What is EPA doing to regulate logging in forests?
The EPA actively regulates forestry activities. We have stepped up compliance efforts pre, during and post harvesting operations to ensure a precautionary approach is being taken to forestry activities by the Forestry Corporation of NSW, to minimise environmental impacts and to ensure compliance with the rules under the Integrated Forestry Operations Approvals.
Over the past 12 months we have continued to increase engagement with stakeholders and community organisations. We have done more inspections on commercial activities and responded to many pieces of correspondence regarding forestry operations. We will continue to listen and engage with the community on forestry issues.
We have brought 10 charges against Forestry Corporation NSW, with five prosecutions. Some of these matters are still under investigation and some of these are due to be finalised in the coming months. The outcomes will be published in our media releases. We recommend following our Twitter page for all media release announcements.
In the past year we have undertaken 120 forestry inspections across 43 different crown forestry operations and 36 different private native forestry operations.
What is being done to protect koalas?
The EPA works in partnership with landholders, the Forestry Corporation of NSW, Local Land Services, Environment Energy and Science, community groups and the timber industry on innovative mapping programs and research to increase knowledge of the locations of threatened species such as koalas. We aim to protect them through education, including the rules in place to protect the koalas' feed trees. The EPA also conducts a comprehensive compliance audit program to ensure the native forestry industry is obeying the law.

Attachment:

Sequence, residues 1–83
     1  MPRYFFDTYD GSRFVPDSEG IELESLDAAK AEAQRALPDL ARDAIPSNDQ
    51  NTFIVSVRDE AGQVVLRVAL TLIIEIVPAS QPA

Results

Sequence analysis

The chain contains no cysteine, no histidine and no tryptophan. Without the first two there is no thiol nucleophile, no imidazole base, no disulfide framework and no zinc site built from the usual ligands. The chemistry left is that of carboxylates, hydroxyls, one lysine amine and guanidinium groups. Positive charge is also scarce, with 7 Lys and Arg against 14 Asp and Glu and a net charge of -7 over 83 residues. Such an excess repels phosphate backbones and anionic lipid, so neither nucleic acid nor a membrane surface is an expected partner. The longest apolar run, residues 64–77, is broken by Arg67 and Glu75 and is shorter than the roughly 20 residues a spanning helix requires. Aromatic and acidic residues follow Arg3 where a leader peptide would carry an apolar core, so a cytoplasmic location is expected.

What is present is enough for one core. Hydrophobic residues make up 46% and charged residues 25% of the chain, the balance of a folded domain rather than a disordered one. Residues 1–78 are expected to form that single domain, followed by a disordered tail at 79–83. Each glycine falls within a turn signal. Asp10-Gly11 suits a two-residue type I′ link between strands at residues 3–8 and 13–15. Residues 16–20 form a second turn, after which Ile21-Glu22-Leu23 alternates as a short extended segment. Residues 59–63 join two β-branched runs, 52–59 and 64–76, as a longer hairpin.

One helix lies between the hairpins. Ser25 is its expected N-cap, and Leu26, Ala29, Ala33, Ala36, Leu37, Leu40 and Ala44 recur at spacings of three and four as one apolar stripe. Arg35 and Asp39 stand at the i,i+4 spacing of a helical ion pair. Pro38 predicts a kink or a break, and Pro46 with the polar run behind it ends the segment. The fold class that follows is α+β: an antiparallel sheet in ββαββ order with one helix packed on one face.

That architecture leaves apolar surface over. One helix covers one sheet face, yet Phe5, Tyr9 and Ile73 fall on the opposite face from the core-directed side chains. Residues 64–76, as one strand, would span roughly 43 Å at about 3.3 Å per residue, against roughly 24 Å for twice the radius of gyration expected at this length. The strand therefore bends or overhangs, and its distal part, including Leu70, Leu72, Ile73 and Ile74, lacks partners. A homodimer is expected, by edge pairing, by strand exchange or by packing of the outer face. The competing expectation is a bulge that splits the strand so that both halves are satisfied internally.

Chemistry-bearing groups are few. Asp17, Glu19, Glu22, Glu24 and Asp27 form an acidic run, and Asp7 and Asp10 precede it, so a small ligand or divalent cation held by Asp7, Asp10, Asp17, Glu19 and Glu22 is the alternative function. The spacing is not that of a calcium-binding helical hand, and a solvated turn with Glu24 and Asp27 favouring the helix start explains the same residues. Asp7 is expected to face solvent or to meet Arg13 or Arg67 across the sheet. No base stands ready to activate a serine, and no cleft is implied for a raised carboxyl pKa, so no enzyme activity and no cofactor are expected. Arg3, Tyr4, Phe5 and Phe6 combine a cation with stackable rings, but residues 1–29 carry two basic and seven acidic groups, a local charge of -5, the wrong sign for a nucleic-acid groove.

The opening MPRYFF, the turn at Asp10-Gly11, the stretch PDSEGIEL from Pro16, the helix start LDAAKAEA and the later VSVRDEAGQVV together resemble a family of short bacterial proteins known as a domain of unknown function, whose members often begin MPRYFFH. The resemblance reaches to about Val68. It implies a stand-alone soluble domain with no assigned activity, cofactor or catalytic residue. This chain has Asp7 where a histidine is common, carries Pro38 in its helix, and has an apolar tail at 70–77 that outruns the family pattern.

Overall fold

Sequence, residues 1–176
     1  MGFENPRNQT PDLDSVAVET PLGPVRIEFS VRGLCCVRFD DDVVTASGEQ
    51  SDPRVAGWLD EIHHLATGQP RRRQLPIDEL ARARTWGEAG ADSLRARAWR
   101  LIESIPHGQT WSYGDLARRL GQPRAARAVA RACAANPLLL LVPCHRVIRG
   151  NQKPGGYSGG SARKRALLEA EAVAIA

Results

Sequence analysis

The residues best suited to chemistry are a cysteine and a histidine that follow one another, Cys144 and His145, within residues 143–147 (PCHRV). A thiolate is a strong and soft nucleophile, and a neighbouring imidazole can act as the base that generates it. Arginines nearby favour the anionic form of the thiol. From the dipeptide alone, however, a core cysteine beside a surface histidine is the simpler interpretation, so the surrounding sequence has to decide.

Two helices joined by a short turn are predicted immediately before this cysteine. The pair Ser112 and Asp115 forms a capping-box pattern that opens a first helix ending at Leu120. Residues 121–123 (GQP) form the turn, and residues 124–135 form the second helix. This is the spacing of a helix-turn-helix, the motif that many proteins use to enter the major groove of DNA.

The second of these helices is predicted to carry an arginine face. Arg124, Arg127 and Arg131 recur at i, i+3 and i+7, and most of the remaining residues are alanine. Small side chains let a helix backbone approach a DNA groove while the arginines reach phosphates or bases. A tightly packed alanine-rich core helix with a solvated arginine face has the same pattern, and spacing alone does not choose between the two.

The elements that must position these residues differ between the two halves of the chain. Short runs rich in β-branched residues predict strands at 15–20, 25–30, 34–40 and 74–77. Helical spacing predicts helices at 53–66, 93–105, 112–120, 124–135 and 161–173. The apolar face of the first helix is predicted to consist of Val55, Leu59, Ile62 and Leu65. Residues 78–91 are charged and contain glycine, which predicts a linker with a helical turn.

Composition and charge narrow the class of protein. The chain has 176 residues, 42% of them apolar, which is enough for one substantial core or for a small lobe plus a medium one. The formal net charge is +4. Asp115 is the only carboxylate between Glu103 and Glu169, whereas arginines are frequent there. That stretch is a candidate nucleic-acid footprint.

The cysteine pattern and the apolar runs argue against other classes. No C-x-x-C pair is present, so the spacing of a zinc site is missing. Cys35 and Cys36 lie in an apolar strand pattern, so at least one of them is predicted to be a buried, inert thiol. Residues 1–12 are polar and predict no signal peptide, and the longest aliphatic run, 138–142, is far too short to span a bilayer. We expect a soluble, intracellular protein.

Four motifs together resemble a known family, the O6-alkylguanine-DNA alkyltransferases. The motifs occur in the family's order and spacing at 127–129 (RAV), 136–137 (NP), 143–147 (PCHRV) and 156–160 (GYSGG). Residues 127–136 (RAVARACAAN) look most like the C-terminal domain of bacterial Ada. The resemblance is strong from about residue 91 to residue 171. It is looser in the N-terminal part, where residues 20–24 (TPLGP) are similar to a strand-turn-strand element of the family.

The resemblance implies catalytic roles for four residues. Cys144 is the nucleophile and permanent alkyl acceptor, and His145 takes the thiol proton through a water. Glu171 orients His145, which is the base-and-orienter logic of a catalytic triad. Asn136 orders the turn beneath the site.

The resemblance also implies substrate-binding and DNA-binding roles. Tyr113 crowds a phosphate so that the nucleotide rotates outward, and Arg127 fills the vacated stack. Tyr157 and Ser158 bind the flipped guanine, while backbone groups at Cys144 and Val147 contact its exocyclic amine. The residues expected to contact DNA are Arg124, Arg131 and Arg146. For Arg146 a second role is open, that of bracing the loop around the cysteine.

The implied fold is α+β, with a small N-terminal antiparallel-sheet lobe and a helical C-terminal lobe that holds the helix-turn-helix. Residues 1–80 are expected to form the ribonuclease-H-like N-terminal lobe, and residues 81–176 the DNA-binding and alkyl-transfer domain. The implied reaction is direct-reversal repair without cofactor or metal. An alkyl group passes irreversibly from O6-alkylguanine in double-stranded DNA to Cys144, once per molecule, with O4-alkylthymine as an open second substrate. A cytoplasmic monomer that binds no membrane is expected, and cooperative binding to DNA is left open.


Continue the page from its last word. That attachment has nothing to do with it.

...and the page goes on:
How is the use of native forest biomass regulated?
The Protection of the Environment Operations (General) Regulation 2021 prohibits the burning of native forest biomaterial to generate electricity.
The NSW Government acknowledges that energy recovery can play a role in helping to manage legitimate residual forestry waste and the Regulation provides specific exceptions for these waste materials.
The Regulation is clear that native forest biomaterials can only be used for energy generation when it is true waste and has no potential for higher value use in NSW such as milling, engineered timbers, wildlife habitat, landscaping or erosion and sediment control. In addition, the waste hierarchy applies, where waste generation should be avoided, reused or recycled before it can be considered for energy generation.
The NSW Government will ensure laws and policies relating to the use of biomaterials for energy generation are continually improved. This will ensure they remain strong and effective in protecting the environment, and native timber is being used in NSW for its most beneficial use.